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These indicators have been compiled with a grading system to help you and your community think through aspects of child and youth friendliness in each domain. 


A grading system allows you to recognize that (for most of these indicators) there are many steps between 'not at all child and youth friendly' and 'extremely child and youth friendly'. Your community may fall somewhere in the middle on many of the indicators. 


For each indicator, try to grade your community out of 10.

1 being "Not at all child and youth friendly",

5 being "some positive aspects but some changes could be made" and

10 being "We are a leader in child and youth friendly practices".


This is designed to be printed and done communally. 




services are readily available when children, youth, and families need them (no waiting lists)


services address young people’s needs holistically, including physical, psychological, social, and spiritual needs


services respect the unique nature of aboriginal people’s experiences and cultures


services are accessible and appropriate for children and youth with special needs, including those with hidden disabilities (hidden disabilities include learning disabilities, FASD, and other disabilities that may not be immediately apparent)


staff and volunteers are carefully screened (for this domain, ‘staff’ refers to police officers, probation officers, lawyers, judges, social workers, youth workers, and other related professionals)


staff and volunteers are trained on abuse/neglect issues
staff and volunteers are trained on child rights


staff and volunteers are trained on hidden disabilities


staff and volunteers have the skills to communicate effectively with children, youth, and their families, and treat them with respect

adults clearly inform young people about their rights


adults support and empower children/youth to participate in decisions that affect them


alternative measures are available for young offenders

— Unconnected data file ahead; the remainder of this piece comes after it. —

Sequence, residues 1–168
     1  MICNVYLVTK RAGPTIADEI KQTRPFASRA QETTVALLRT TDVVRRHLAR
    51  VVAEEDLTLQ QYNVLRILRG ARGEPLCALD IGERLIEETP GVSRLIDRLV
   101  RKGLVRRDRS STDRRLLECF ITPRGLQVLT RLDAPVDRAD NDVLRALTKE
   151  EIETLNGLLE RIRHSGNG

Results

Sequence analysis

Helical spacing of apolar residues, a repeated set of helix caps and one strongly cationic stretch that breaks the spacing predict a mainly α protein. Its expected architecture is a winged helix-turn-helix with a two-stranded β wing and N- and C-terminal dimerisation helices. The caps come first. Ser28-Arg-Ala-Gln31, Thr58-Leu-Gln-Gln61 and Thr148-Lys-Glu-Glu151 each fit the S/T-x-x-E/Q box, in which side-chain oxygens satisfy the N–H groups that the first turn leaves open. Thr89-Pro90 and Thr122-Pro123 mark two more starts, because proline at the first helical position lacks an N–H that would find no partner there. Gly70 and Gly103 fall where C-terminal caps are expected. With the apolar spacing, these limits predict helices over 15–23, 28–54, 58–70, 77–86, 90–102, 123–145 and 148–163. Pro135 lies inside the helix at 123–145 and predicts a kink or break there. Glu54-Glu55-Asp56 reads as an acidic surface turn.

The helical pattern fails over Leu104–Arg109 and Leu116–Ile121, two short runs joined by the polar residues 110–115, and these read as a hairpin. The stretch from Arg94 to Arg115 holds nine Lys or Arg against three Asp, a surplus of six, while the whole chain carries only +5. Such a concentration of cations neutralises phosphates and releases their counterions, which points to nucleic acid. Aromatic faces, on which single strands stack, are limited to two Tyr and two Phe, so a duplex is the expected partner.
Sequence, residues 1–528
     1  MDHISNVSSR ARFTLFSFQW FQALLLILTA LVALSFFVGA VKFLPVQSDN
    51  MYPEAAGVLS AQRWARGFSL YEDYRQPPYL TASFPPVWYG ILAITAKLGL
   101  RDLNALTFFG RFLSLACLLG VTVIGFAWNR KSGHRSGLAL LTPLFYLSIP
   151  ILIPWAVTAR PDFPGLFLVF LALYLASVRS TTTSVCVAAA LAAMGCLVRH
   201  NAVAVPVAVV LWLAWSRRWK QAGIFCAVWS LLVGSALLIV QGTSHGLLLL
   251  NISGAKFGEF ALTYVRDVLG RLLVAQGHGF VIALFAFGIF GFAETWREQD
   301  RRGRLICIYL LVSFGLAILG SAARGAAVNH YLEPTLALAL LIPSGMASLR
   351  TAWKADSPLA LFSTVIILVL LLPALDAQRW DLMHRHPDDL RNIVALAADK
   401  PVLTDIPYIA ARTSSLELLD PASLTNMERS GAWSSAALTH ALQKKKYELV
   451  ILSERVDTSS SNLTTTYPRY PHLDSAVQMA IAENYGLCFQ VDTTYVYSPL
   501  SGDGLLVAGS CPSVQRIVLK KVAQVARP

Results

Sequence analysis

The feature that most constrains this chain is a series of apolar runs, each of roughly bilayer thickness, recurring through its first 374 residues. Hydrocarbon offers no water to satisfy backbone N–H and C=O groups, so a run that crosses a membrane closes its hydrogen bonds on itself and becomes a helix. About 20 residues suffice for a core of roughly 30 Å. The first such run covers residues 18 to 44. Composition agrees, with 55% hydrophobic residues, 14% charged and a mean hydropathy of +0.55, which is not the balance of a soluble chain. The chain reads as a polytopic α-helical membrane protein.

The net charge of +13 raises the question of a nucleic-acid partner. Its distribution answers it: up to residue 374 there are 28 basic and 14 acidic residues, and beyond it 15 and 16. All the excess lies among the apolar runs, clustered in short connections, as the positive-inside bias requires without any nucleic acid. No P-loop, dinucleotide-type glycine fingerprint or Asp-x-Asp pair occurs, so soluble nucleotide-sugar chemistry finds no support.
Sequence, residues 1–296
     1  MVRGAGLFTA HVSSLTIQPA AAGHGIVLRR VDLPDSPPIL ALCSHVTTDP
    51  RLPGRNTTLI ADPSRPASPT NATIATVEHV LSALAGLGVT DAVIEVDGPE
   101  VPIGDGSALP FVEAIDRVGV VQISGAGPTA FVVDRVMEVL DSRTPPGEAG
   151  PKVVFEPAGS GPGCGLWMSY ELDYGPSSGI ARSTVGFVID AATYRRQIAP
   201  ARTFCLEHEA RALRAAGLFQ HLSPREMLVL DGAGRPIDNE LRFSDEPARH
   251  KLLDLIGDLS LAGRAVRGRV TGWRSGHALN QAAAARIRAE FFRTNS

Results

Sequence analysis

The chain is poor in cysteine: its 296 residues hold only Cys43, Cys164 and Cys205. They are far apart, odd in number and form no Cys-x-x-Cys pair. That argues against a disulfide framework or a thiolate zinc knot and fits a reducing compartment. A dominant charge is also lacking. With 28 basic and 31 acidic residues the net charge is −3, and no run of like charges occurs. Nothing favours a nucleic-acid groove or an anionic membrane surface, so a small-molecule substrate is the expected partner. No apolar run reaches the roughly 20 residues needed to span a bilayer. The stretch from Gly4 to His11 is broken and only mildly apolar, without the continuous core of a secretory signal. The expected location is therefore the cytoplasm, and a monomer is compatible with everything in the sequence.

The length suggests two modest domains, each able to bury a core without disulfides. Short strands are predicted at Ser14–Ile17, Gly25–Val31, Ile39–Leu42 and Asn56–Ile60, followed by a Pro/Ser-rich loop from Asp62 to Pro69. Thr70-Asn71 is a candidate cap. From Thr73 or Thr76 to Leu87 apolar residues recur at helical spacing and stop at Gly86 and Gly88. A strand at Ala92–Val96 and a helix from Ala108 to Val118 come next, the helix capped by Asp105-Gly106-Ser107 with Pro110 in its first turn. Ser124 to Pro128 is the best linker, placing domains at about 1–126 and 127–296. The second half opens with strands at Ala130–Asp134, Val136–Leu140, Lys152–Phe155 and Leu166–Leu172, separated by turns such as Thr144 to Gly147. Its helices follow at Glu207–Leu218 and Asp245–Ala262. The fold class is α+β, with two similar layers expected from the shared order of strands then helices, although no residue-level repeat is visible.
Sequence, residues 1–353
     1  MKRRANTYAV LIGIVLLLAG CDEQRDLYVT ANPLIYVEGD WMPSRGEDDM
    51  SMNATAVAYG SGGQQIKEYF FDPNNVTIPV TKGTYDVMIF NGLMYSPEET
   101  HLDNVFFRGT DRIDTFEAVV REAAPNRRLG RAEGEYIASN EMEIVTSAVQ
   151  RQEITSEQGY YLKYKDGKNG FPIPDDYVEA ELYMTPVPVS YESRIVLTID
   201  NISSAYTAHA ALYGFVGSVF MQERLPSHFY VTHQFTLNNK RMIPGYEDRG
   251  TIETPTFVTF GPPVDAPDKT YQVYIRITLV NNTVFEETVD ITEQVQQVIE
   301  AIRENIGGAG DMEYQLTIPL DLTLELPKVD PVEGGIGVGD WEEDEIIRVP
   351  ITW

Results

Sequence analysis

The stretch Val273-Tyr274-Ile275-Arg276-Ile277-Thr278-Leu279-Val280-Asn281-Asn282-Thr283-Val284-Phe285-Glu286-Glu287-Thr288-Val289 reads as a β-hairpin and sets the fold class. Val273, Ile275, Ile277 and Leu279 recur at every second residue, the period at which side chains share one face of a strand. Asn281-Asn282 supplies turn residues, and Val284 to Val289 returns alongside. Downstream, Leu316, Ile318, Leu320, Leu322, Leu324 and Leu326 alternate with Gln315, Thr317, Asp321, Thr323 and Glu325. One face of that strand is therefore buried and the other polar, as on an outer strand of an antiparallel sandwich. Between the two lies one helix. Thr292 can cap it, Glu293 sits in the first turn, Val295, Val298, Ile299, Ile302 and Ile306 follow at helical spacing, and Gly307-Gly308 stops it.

international guidelines are followed on the administration of juvenile justice


arrest guidelines for young people are acknowledged and followed
social networking sites have posts that increase awareness in youth about different justice service related sites


a comprehensive and cohesive interagency approach is utilized in service
offices are child and youth friendly in design and appearance


meeting spaces are provided to protect the privacy and dignity of children and youth


offices clearly display information about complaints processes and advocacy services


well-publicized information (how to access services) are available in multiple languages on websites and in print


services are easily accessed through toll-free telephone lines


foster placements are arranged within the community and with the input of affected children/youth


programs exist for incarcerated parents to visit with their children, when in the best interest of the child/youth


programs exist for incarcerated parents to raise their very young children, when in the best interest of the child


opportunities exist for older rehabilitated youth to play in leadership roles and to act as mentors for at-risk youth and children


alternative measures and restorative justice programs are offered for young offenders


opportunities exist for offenders to redirect their interests in a positive way that benefits the community


safe or transition houses and shelters for victims of relationship violence are available that accommodate the victim’s children and are inaccessible to potential/accused abusers




1- UNFRIENDLY             5- OK                     10-A LEADER




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